Engineered T-cells as a Target for Fibrosis in Myocardial Disease

Simran Kaur ‘20

Figure 1. Cardiac connective tissue is composed of fibroblasts, which produce extracellular matrix (ECM) upon activation or injury. Accumulation of excess ECM results in cardiac fibrosis and possible cardiac failure.  

Fibrosis, the excessive deposition of extracellular matrix by fibroblasts into cardiac tissue, is a significant process in the development of cardiac disease and subsequent cardiac failure, but there are not many clinical treatments that can effectively target it. Cardiac fibroblasts express an antigen that can be targeted by the transplantation of antigen-specific CD8+ T-cells because CD8+ T-cells are involved in the inflammatory response in cardiac fibrosis. Researchers in this study used T-cell immunotherapy in order to specifically target and eradicate cardiac fibrosis in mice. 

Mice were generated to express the xenogeneic antigen ovalbumin peptide (OVA), the primary antigen on cardiac fibroblasts involved in the activation of fibrosis, by using tamoxifen-recombinase specifically targeted to the periostin (Postn) locus. The Postn locus has been known to be expressed by injury-activated cardiac fibroblasts. In order to produce injury and subsequent fibrosis in cardiac tissue, the mice were administered angiotensin II and phenylephrine for a duration of 28 days through an osmotic minipump. The combination of these two drugs is known to cause significant cardiac fibrosis and dysfunction because of its direct negative effects on fibroblasts and myocytes. In addition, Tamoxifen was regularly administered via intraperitoneal injection to ensure the expression of OVA on the fibroblasts. In order to specifically target CD8+ T-cells, a transplant of CD8+ T-cells that express a receptor against the OVA peptide (OT-I T-cells) was performed a week after the initiation of the experiment.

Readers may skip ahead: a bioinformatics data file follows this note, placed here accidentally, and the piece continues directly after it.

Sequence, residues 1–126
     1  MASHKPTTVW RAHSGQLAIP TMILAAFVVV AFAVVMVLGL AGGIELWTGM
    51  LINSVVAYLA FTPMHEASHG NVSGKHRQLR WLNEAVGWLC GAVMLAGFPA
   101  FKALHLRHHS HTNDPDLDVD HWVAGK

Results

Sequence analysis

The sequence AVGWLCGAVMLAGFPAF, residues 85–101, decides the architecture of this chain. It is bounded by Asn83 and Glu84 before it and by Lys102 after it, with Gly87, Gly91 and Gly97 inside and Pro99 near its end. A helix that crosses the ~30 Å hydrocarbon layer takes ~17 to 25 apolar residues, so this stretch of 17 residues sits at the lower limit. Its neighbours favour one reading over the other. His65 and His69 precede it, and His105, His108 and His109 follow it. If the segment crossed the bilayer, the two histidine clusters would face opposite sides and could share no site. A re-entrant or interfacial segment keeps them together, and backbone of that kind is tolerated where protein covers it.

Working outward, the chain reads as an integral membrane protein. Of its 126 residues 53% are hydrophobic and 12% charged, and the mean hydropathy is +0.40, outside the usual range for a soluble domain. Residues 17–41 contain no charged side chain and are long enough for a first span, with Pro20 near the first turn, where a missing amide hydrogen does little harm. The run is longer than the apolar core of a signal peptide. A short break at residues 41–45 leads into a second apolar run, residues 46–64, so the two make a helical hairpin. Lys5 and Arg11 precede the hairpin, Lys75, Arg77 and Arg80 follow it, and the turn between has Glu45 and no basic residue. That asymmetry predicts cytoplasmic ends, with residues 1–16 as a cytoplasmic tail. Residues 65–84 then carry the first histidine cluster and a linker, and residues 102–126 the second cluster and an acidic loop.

The mice were euthanized, and coronal sections of cardiac tissue were taken to determine the level of fibrosis. Sirius-red staining of samples taken from both the control and experimental groups showed that the mice that received the OT-I T-cells suffered from a significantly less amount of cardiac fibrosis in comparison to the cohort of control mice. In addition, cardiac hypertrophy in the experimental mice was also lower, shown by the heart to bodyweight ratio. The results of this study show that the adoptive transfer of T-cells that specifically target antigen receptors can decrease cardiac fibrosis and help restore cardiac function following injury. Future studies would be beneficial to reinforce the principle of using immunotherapeutic drugs in the treatment of cardiac diseases. 



  1. H. Aghajanian, et al., Targeting Cardiac Fibrosis with Engineered T cells. Nature, (2019). doi: 10.1038/s41586-019-1546-z.
  2. Image retrieved from:

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